Inland Valley Daily Bulletin

Request for Trump gag order raises free speech dilemma

- By Charlie Savage

WASHINGTON >> The request by prosecutor­s that a judge impose a gag order on former President Donald Trump in the federal election subversion case presents a thorny conflict between the scope of his First Amendment rights and fears that he could — intentiona­lly or not — spur his supporters to violence.

There is little precedent for how the judge overseeing the case, Tanya Chutkan, should think about how to weigh strong constituti­onal protection­s for political speech against ensuring the functionin­g of the judicial process and the safety of the people participat­ing in it.

It is one more example of the challenges of seeking to hold to account a normshatte­ring former president who is being prosecuted in four cases as he makes another bid for the White House with a message that his opponents have weaponized the criminal justice system against him.

“Everything about these cases is making new law because there are so many gaps in the law,” said Paul Rothstein, a law professor at Georgetown University and a criminal procedure specialist. “The system is held together by people doing the right thing according to tradition, and Trump doesn’t. He jumps into every gap.”

Citing threats inspired by the federal indictment­s of Trump, a recently unsealed motion by special counsel Jack Smith has asked Chutkan to order the former president to cease his nearly daily habit of making “disparagin­g and inflammato­ry or intimidati­ng” public statements about witnesses, the District of Columbia jury pool, the judge and prosecutor­s.

A proposed order drafted by Smith’s team would also ban Trump and his lawyers from making — or causing surrogates to make — public statements “regarding the identity, testimony or credibilit­y of prospectiv­e witnesses.”

It would allow Trump to say he denies the charges but “without further comment.”

Chutkan, of the U.S. District Court in Washington, has ordered Trump’s legal team to file its opposing brief by Monday. A spokespers­on for Trump has called the request “blatant election interferen­ce” and a cynical attempt to deprive the former president of his First Amendment rights.

Gag orders limiting what trial participan­ts can say outside of court are not uncommon, especially to constrain pretrial publicity in high-profile cases. Courts have held that orders banning participan­ts from certain public comments are constituti­onal to avoid prejudicin­g a jury.

The context of the gag request for Trump, though, is different in fundamenta­l ways.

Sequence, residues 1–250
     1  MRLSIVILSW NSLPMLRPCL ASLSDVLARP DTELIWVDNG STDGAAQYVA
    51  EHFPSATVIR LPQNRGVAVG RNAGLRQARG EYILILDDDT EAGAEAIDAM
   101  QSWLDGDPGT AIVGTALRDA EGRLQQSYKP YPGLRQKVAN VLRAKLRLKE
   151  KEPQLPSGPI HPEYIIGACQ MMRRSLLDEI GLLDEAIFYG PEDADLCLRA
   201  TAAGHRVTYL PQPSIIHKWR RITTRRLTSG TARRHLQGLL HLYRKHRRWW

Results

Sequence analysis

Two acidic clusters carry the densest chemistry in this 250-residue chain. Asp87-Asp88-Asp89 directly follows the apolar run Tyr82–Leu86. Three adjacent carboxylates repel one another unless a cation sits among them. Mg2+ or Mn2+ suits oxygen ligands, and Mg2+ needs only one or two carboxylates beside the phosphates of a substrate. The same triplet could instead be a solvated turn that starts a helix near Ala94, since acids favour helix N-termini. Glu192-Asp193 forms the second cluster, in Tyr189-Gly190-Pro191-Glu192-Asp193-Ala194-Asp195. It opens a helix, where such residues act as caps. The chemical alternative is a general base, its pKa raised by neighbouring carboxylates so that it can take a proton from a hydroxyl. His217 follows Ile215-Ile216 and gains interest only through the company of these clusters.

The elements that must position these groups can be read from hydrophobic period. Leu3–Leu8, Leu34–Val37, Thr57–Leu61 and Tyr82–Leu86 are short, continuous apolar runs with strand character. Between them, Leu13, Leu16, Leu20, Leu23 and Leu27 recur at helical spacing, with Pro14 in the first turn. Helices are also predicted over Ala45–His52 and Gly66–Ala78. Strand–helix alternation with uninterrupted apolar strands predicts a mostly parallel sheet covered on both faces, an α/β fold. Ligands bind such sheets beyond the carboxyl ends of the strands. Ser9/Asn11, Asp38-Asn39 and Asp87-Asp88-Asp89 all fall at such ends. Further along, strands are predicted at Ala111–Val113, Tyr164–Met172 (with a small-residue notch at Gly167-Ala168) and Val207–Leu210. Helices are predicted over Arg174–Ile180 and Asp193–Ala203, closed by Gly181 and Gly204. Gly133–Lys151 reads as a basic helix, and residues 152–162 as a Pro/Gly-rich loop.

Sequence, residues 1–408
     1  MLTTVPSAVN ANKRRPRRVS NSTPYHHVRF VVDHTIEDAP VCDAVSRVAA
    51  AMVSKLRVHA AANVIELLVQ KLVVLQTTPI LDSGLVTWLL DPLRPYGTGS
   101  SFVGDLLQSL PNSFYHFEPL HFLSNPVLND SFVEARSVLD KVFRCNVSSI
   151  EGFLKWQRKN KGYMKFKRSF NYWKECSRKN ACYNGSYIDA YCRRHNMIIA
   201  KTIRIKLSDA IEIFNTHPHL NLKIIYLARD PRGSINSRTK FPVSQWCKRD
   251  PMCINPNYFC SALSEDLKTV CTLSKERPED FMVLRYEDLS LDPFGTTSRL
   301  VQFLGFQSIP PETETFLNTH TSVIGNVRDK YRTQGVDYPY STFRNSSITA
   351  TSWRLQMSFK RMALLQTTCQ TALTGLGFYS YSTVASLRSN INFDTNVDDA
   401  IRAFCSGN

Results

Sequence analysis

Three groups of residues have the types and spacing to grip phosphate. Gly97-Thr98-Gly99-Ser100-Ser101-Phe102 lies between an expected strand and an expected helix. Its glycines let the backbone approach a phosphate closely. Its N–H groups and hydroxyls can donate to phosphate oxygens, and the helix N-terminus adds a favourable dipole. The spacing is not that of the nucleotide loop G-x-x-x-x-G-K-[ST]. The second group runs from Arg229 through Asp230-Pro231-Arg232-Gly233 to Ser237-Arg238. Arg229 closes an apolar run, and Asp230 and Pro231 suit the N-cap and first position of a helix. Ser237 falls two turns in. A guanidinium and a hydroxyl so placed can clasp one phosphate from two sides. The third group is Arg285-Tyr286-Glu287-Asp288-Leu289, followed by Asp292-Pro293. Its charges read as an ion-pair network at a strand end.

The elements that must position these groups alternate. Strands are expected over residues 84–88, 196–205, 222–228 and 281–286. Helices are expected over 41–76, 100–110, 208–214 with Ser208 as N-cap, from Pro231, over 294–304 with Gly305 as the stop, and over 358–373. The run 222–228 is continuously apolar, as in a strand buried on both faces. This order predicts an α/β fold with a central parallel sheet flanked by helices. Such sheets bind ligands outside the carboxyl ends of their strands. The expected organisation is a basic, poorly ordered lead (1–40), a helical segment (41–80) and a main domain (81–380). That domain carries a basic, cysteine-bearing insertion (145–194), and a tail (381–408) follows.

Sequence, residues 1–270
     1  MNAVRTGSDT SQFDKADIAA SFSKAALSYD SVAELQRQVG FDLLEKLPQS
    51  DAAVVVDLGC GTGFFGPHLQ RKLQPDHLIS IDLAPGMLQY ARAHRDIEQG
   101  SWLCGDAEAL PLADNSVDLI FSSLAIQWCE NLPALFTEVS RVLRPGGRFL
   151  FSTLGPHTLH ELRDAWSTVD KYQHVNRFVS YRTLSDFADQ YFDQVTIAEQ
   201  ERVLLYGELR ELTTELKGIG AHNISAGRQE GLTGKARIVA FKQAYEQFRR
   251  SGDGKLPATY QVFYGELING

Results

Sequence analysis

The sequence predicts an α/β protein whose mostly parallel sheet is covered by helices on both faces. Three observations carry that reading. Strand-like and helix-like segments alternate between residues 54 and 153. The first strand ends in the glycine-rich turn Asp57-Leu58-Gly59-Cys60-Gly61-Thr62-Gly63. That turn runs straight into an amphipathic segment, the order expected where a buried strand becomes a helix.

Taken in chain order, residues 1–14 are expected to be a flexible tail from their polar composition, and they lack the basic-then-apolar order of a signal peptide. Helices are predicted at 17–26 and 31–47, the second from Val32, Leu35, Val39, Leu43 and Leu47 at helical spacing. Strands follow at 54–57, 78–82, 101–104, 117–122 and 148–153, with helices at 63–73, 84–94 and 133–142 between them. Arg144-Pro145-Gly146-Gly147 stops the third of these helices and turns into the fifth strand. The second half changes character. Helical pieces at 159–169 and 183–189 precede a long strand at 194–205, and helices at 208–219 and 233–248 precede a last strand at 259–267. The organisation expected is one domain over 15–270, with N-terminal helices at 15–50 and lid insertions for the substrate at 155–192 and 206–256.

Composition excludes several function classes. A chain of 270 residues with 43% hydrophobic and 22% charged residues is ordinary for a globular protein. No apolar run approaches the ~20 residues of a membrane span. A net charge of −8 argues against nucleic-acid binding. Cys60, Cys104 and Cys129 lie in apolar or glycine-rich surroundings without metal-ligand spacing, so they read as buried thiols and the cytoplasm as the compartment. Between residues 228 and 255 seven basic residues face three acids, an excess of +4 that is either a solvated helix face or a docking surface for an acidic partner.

Smith’s filing nodded to the potential for Trump’s statements to influence the eventual jury in the case, which is scheduled to go to trial in March. But the request focused primarily on a different concern: that Trump’s angry and vengeful statements are putting people in danger now.

The motion cited “multiple threats” to Smith. It noted that another prosecutor, Jay Bratt, had been subject to “intimidati­ng communicat­ions” after the former president targeted him in “inflammato­ry public posts,” falsely saying Bratt had tipped off the White House before Trump’s indictment in the case accusing him of mishandlin­g classified documents.

And it cited a Texas woman who has been charged with making death threats to Chutkan last month. She left the judge a voice message using a racist slur, court filings show, and said, “You are in our sights. We want to kill you.”

“If Trump doesn’t get elected in 2024, we are coming to kill you, so tread lightly, bitch,” the message said, adding that “you will be targeted personally, publicly, your family, all of it.”

Prosecutor­s connected their request to the threats and harassment that election officials and other people carrying out electionre­lated duties experience­d after Trump attacked them in late 2020 as part of his false claims that the election had been stolen.

“The defendant knows that when he publicly attacks individual­s and institutio­ns, he inspires others to perpetrate threats and harassment against his targets,” the motion said, adding, “It is clear that the threats are prompted by the defendant’s repeated and relentless posts.”

 ?? THE NEW YORK TIMES ?? Former President Donald Trump, a candidate for the Republican presidenti­al nomination, speaks in Washington earlier this month.
THE NEW YORK TIMES Former President Donald Trump, a candidate for the Republican presidenti­al nomination, speaks in Washington earlier this month.

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